Since that day I’ve done a lot of research on the internet to see if anyone else has had similar experiences with trees, plants and such, and come to find out, this is not an uncommon experience. There is a large group in Northern Italy at a place called Damanhur who work with and record singing plants and trees. I’m headed out there in September of this year for a tour of their place and to satisfy that part of my brain that says ‘talking plants’? I don’t think so. If you’re interested, why not do some experimenting for yourself?


This week we are excited to share a guest blog post by Richard Kyte, Director of the D.B. Reinhart Institute for Ethics in Leadership at Viterbo University in La Crosse, Wisconsin. Thanks to Richard for his musings here on the importance of conservation and preservation of our wild places.

The answer generally given by those most involved in the conservationist movement is that we owe it to future generations.  This answer is repeated in defense of setting aside fragile ecosystems, designating roadless areas, granting conservation easements, protecting the river bluffs, and establishing stricter zoning codes in counties.     

But defending conservation practices in this way is problematic.  It presupposes that developing policies for wise land use is a contest between the preferences of future generations and the needs of the present.  It raises the question of why the interests of certain groups of people, such as hunters, anglers, trappers, hikers, and birdwatchers, should have precedence over the interests of home owners, automobile drivers, golfers, and bottled water consumers.

In fact, the debate in this country over land use has become emblematic of American democracy: a struggle between competing special interest groups to influence common laws and policies through elections. 

But this is not the only way to frame the debate.             

In Reflections from the North Country, Sigurd Olson, the conservationist and author principally responsible for the preservation of the Boundary Waters Canoe Area Wilderness, takes up the question of why we should care about wild places.  He cites people like Paul Sears: “Conservation is a point of view involved with the whole concept of freedom, dignity, and the American spirit.”

And this from Harvey Broome, one the founders of the Wilderness Society: “Without wilderness, we will eventually lose the capacity to understand America. . . . If we lose wilderness, we lose forever the knowledge of what the world was and what it might, with understanding and loving husbandry, yet become.”

For Olson, like many of his contemporaries, the outdoors wasn’t just a place for recreation; it was essential to the development of moral character.  And therefore the defense of conservation was not a defense of the special interests of a certain group of Americans; it was a defense of America itself.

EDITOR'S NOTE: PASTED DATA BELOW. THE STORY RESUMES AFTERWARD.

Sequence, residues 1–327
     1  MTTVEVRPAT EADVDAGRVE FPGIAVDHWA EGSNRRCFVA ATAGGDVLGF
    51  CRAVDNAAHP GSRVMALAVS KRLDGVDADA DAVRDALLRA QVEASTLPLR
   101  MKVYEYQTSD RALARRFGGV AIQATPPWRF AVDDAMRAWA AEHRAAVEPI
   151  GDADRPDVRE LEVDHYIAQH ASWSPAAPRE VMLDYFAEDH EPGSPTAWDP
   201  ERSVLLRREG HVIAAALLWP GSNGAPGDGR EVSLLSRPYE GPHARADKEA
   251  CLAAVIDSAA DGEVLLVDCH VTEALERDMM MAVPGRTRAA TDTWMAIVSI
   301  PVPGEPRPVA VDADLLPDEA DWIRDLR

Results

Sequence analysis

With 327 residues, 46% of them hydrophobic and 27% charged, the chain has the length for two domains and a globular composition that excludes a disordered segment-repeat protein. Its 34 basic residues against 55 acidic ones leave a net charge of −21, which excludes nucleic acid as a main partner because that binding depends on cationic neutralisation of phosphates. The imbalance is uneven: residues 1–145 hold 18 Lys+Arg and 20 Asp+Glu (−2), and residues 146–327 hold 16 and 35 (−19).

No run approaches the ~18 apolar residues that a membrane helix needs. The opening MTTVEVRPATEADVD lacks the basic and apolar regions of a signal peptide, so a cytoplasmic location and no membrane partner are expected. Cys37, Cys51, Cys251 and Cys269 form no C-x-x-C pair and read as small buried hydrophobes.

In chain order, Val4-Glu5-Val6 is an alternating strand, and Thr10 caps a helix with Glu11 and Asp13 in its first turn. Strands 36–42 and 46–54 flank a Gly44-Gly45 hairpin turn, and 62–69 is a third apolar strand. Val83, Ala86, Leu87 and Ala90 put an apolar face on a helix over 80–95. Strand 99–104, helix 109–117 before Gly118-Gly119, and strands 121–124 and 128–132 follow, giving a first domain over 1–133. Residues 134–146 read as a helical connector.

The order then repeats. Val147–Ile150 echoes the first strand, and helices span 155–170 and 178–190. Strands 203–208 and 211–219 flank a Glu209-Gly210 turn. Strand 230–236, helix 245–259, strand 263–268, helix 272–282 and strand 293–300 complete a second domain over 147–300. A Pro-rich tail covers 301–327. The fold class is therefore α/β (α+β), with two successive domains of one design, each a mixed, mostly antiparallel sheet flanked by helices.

That is why Sterling North could say, “Every time you see a dust cloud, a muddy stream, a field scarred by erosions, or a channel choked with silt, you are witnessing the passing of American democracy.”

 Preserving open spaces, ensuring clean air and water, protecting wildlife and maintaining the diversity of species for the benefit of future generations was, to be sure, important to the early conservationists. 

But they also regarded shortsighted development and exploitation of resources to be self-destructive and foolish, a sign not only of disregard for our children and grand-children, but a symptom of disorder in our present lives.  They worried that if such disorder became pervasive in society, it could destroy American culture, leading to a nation characterized by pettiness, greed, and incivility.

Even a brief time spent in a natural setting allows one to experience the vital importance of things that can be appreciated but not possessed.  It provides for the realization of an order of value that is not created or manipulated by society, but is eternally present.  Without such experiences, life becomes a contest limited by the economy of the marketplace, of buying, selling, and trading—none of which are bad things, unless they are mistaken for the goal rather than the means. 

Without natural places, we have no way of getting outside of the humanly constructed environment to gain perspective on our lives. 

Olson himself put it best: “The conservation of waters, forests, mountains, and wildlife are far more than saving terrain.  It is the conservation of the human spirit which is the goal.”

That’s a goal worthy of America’s best effort.

*This article was first published in the La Crosse Tribune, 2011.

We in the Northern Hemisphere marked the Summer Solstice and ushered in the beginning of Summer this past Tuesday at 10:16am PST,  giving us our longest day of the year.  And today marks what many call “Midsummer” – a time for celebration associated with the Solstice as well as with the onset of summer.  With ancient origins, Midsummer is a time for lighting bonfires, feasting, dancing, community festivals and generally welcoming in the long, warm days of summer with celebration.

For those of us steeped in the Earth Institute’s work, we know that acknowledging the passing of the seasons is also a way to deepen in our relationship to place.  Today we invite you to mark the new season in your own way.  Light a candle.  Step outside for a few minutes of sunshine.  Walk barefoot.  Marvel at the flowers in full bloom!

As Rachel Carson says, “Those who contemplate the beauty of the earth find reserves of strength that will endure as long as life lasts.  There is something infinitely healing in the repeated refrains of nature- the assurance that dawn comes after night, and spring after winter.”  – And so, we welcome the new season with renewed zest and inspiration to take responsibility for Earth.